Back in 2011 during the playoffs after a win over Boston, LeBron James found himself in a little hot water when during an interview he thought a question asked Dwyane Wade was lame and muttered under his breath “that’s retarded” and the mics picked it up. Retarded was (and in some circles is) a word thrown around a lot, but if you are using it you intend it as a demeaning insult to something or someone seen as stupid, not as a word to describe a condition (by federal standards that term is “intellectual disability”). It’s a word that is an outdated insult.
LeBron let the word slip out again on Wednesday night, in an interview before Miami went out on the court and got thumped by the Oklahoma City. He quickly apologized after the game.
Here is now Jason Lieser of the Palm Beach Post described it.
An hour or so before losing 112-95 to Oklahoma City, James was asked about Thunder forward Kevin Durant’s improvement as a passer and replied, “I actually think that’s a pretty funny thing when people say ‘people’s growth of passing the ball.’ That is retarded to me. Kevin Durant’s growth of being a passer? That’s part of basketball.”
Before taking questions after the game, he opened by saying, “I used the word ‘retarded’ before the game. Obviously it had nothing to do with kids that are underprivileged. It’s no knock on them. It’s a word that’s been around for a long time where I grew up. It’s a bad habit. I’ll try to break it. If I use it again– I’m gonna try to do my best not to. I mean no disrespect.”
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This “controversy” is really more of a Rorschach test than anything — what you think this says about LeBron and his character really says more about what you think about LeBron than anything else.
Mavericks rookie Luka Doncic got ejected a few days ago for kicking the ball into the crowd, his second technical foul of the game.
That outburst also got him fined.
Dallas Mavericks guard-forward Luka Dončić has been fined $10,000 for kicking the game ball into the spectator stands, it was announced today by Kiki VanDeWeghe, Executive Vice President, Basketball Operations.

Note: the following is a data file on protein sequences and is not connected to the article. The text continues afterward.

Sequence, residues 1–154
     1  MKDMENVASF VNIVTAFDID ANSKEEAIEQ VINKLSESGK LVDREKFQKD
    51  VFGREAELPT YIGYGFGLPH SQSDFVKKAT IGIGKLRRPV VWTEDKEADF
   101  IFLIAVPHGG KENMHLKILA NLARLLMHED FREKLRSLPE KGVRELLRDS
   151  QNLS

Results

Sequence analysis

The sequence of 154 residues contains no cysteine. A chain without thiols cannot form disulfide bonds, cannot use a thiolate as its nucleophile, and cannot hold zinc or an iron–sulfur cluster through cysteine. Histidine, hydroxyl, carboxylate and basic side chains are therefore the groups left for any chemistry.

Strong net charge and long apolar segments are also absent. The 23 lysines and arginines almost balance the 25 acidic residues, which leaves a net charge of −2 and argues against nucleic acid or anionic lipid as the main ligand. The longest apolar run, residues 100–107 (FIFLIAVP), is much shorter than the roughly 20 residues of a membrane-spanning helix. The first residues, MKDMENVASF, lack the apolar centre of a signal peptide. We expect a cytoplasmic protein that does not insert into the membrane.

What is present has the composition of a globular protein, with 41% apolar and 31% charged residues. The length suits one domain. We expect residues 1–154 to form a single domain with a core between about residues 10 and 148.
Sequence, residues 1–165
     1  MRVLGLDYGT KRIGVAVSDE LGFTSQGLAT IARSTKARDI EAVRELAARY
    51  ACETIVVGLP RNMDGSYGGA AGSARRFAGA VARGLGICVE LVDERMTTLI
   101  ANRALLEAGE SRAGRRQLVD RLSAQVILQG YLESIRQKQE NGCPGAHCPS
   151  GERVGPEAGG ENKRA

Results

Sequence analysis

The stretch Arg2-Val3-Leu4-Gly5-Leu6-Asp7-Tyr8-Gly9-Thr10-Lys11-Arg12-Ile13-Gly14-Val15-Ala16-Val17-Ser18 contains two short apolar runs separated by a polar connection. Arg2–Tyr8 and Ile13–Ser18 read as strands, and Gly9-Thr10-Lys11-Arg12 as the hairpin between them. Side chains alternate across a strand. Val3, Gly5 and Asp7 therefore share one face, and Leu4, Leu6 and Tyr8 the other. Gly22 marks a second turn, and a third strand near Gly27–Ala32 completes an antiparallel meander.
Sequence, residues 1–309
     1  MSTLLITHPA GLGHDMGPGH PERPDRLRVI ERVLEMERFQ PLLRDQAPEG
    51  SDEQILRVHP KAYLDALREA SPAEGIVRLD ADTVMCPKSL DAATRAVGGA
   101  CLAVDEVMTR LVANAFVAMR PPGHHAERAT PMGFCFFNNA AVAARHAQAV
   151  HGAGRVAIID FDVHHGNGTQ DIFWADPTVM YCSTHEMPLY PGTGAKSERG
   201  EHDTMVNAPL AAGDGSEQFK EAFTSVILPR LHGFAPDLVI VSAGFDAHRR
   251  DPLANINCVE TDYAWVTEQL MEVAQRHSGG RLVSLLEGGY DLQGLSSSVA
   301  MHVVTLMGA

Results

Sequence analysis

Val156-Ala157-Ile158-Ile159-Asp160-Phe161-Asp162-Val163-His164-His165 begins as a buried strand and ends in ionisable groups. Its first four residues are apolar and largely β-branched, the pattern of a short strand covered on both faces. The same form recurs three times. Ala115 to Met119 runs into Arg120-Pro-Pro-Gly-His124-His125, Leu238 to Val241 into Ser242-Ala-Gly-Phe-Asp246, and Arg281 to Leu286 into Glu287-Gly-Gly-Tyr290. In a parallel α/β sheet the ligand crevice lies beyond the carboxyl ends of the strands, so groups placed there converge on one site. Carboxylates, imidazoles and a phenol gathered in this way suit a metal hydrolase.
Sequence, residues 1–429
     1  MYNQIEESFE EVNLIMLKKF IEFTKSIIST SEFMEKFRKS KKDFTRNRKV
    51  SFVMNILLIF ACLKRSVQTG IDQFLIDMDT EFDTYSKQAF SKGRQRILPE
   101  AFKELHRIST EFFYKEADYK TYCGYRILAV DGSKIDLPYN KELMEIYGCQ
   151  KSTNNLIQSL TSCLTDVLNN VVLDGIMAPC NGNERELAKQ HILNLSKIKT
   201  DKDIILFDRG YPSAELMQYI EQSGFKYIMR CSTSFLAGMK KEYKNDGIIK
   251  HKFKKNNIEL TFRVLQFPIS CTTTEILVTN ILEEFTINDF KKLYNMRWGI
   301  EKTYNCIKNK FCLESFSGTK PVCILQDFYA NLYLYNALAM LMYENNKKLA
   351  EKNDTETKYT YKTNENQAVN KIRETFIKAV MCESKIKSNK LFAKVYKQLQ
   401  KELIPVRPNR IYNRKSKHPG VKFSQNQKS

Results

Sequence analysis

The incident, for which Dončić was assessed his second technical foul and ejected, occurred with 3:00 remaining in the third quarter of the Mavericks’ 111-99 loss to the Indiana Pacers on Jan. 19
Players usually get fined $25,000 for throwing something into the stands. But sometimes, they get just a $10,000 fine for that, seemingly if it appears they didn’t intend for the object to reach the crowd.
Did Doncic mean to kick the ball as far as he did?
Who knows? But it seems he got the benefit of the doubt here.
The Rockets signed Kenneth Faried, importantly to them, before their game against the 76ers yesterday. With Clint Capela injured, Houston needed another big against Joel Embiid.
But the Rockets had to open a roster spot for Faried. Their clear preference was trading Carmelo Anthony. Failing that, they’d release James Nunnally.
Houston agreed to deal Anthony to the Bulls but couldn’t complete the trade because the league office was closed, as is the norm on weekends and holidays (in this case, Martin Luther King Day). So, the Rockets dropped Nunnally, eating the remaining salary on his 10-day contract, increasing their luxury-tax bill and costing him the opportunity to play for a team that could use him.
Houston coach Mike D’Antoni, via Adrian Wojnarowski of ESPN:
“I don’t think it’s right,” Rockets coach Mike D’Antoni said of having to terminate Nunnally. “There’s ways (the league) could have facilitated it.”
What happened to the Rockets was fair in that the rules were clear and applied equally to each team.
But I agree with D’Antoni. Games don’t stop for weekends and holidays. The league office shouldn’t, either.
Teams should have more ability to change their rosters on the fly, because games come so quickly. Halting business for weekends and holidays is antiquated. This is a global, multi-billion-dollar operation now.
The NBA can afford to employ enough people who review trades not to overwork any of them. It’d create a better product and make the sport operate more smoothly.
See, the Warriors are fallible.
Though Stephen Curry‘s mishaps coming during a blowout win undercuts the point.
Yes, the Grizzlies lost to the Anthony Davis-less Pelicans by 20 last night. Results like that are why there’s thought Marc Gasol could leave Memphis.
But at least plays like this Jaren Jackson Jr. dunk on Nikola Mirotic provide hope for the Grizzlies’ future.
Jackson is a skilled 3-point shooter and rim-protector. Add a mean streak inside offensively, and the rookie could really take off.